version: Alice falls into Wonderland, drinks a potion which makes her small, eats a cake which makes her gigantic and meets all those strange and impossible creatures like the blue caterpillar Absolem, the Cheshire Cat, Tweedledee and Tweedledum and of course, the Mad Hatter (Depp). Here is where the new version

diverts from the old. There has been a prophecy in Underland (the actual and proper name for Wonderland, misheard by Alice) that at a certain time called the Frabjous Day, an Alice will come, defeat the Jabberwocky (essentially a big dragon) and destroy the cruel and selfish Red Queen (Bonham Carter), restoring the tranquil and benevolent White Queen (Hathaway) to the throne. So Alice is immediately involved from the start in a mad dash to steal the only sword that can do the job while trying to avoid the Red Queen and her minions. Throughout all the confusion and fantasy, Alice quickly realizes that her recurring dreams of Wonderland which she has had since she was small were actually memories of all the times she had travelled there. Filled with determination, Alice and the White Queen’s army battle the Red Queen. Long story short, Alice defeats the Jabberwocky, and empowered, she returns to her own world to give a true and honest answer to the degrading marriage proposal. Burton does a marvelous job as usual with his casting, and creates a unique insight into originally background characters like the Mad Hatter. Alice becomes a character that any person who loves to dream can relate to, and acts as a gloriously independent role model for all young girls. Tim Burton’s Alice in Wonderland is an A+, with an entertaining, fantastical, amusingly nonsensical and insightful plot, taking a very different and refreshing path from its animated and,, at often time’s flat,, ppredecessor.



Alice, Alice, Alice is marvelous

Madison Law



h hurricane

april p il 30,, 2010 6 1

entertainment i

Who makes really GOOD ice cream?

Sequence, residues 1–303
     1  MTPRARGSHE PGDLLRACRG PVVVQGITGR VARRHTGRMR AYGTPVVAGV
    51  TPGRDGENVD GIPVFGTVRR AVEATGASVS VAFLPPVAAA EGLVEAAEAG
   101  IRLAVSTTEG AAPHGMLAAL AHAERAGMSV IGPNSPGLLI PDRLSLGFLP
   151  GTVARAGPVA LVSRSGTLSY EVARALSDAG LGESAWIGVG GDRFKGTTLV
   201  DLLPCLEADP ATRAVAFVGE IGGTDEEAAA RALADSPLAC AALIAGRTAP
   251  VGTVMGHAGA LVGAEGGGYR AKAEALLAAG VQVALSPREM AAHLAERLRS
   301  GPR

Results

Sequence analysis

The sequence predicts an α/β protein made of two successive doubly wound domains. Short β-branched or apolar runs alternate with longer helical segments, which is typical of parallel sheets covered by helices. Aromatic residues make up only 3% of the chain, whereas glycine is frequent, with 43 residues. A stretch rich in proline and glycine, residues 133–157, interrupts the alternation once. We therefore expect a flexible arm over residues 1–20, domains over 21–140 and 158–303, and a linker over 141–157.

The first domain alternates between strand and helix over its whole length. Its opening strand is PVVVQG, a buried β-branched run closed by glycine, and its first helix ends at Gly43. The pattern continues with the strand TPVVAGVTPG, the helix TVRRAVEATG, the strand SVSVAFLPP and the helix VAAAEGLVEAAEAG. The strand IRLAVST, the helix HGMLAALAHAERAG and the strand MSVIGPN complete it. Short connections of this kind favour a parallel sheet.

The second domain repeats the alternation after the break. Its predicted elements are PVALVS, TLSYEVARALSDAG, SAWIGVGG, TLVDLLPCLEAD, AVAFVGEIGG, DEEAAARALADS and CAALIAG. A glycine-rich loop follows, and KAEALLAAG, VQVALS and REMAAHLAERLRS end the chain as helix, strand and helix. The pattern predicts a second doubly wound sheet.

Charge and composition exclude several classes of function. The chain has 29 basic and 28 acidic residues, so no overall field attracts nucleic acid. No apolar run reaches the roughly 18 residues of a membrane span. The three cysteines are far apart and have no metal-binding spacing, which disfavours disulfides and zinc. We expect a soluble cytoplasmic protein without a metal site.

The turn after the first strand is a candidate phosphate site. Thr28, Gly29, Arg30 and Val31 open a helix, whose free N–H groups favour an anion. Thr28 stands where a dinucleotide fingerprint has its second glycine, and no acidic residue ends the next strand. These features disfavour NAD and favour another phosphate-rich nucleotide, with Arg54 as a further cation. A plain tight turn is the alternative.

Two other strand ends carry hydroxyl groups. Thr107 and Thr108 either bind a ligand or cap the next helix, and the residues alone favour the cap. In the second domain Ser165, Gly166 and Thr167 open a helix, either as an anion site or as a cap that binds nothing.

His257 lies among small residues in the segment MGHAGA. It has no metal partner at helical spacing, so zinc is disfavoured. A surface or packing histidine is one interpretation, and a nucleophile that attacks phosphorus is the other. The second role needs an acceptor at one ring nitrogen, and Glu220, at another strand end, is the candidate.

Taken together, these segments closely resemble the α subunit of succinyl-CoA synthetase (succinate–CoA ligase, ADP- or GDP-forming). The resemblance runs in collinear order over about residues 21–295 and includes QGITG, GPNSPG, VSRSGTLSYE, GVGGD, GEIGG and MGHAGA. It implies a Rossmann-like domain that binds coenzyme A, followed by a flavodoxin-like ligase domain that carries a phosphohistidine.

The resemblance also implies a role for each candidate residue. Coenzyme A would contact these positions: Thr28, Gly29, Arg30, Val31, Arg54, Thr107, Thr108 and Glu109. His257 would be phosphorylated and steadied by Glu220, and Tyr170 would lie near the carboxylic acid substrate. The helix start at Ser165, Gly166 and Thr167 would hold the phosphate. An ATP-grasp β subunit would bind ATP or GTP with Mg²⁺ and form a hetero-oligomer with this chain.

On a scale from one to ten, the hurricane ranked Ben and Jerry’s chocolate chip cookie dough ice cream a 6.6. is was wa due mainly to the fact that though it allegedly This containe contained “gobs of dough,” the majority of the container was in fa fact, ice cream. Despite this low rating, it still earned th the highest out of the four ice creams tested.

The Hurricane ranked Kroger brand chocolate chip cookie dough second of the four contenders with a solid six. It would have been better named chocolate chip ice cream due to the lack of cookie dough pieces, even though the ice cream itself had a nice flavor.

What to do as the weather gets WARM Butterfly Show at Krohn Conservatory

When: April 17-June 20 Where: 1501 Eden Park Drive, Cincinnati, OH, 45202 Admission: $6 adults, $5 seniors, $4 kids ages 5-17 Come out to the park to take a look at some unique butterflies.

Oddmall- Emporium of the Weird

When: May 8 from 10 am to 7 pm Where: Clarion Hotel and Conference Center, 240 East Hines Hills Road, Hudson, Ohio 44236 Website: Phone number: 330-734-0337 *Admission is free Not just an ordinary craft show. There will be unique and creative forms available and on display.

Chalk Art Festival

When: May 29, 2010 from 9 am – 5 pm Where: Medina, Ohio at the historic business center *Admission is free Chalk art will be created from 9 to 5. Judging will take place from 3 in the afternoon until 5 in the evening. Prizes will be given to the top 3 in each category (professional, college, high school).

Strawberry Festival

#33 #

With a 5.7, Häagen- Dazs chocolate cookie dough ice cream was ranked third. It definitely had cookie dough and chocolate pieces, in fact so much the staff found in difficult to enjoy. After all, it was meant to be ice cream, not a bowl full of cookie dough and chocolate pieces.

When: June 5-6 Where: Troy, Ohio Phone: 937-339-7714 or 937-339-8769 *Admission is free Come to a festival that attracts more than 250,000 visitors. Attractions include a parade, arts and crafts, pie-eating contests, a car show, a rubber duck race, Berry Special Olympics and much more.

Banana Split Festival


Lowest ranked, Edy’s chocolate chip cookie dough ice cream was given a 4.9 by the hurricane staff. With plenty of chocolate chips, and cookie dough pieces, it’s ice cream lacked in flavor which led it to be the least enjoyed of the contenders.

you ouu know? kn ? • The 3rd Sunday in July is National Ice Cream Day. • 13% of men and 8% of women admitted to licking the bowl after eating ice cream.

When: June 11 & 12 from 4-10 pm, and 12-10 pm. Where: Denver Williams Memorial Park, Rombach Ave. Wilmington, Ohio *Admission is free Celebrate the 50’s and 60’s in Wilmington, Ohio at the Banana Split Festival. There will be continuous entertainment, crafts, games rides, and of course, banana splits.

Hot Air Balloon Festival

When: June 11-13 Where: Coshocton County Fairgrounds Phone: 740-622-5411, Coshocton Chamber of Commerce Come see balloonist from Michigan and Ohio show off their balloons. Launches will be held at dawn and dusk and through the launches balloonist will participate in many activities such as hitting a target while in the air. There will also be a balloon race hosted by the North American Balloon Association.

Issue 7: 2009 - 2010  
Issue 7: 2009 - 2010  

Issue 7: 2009 - 2010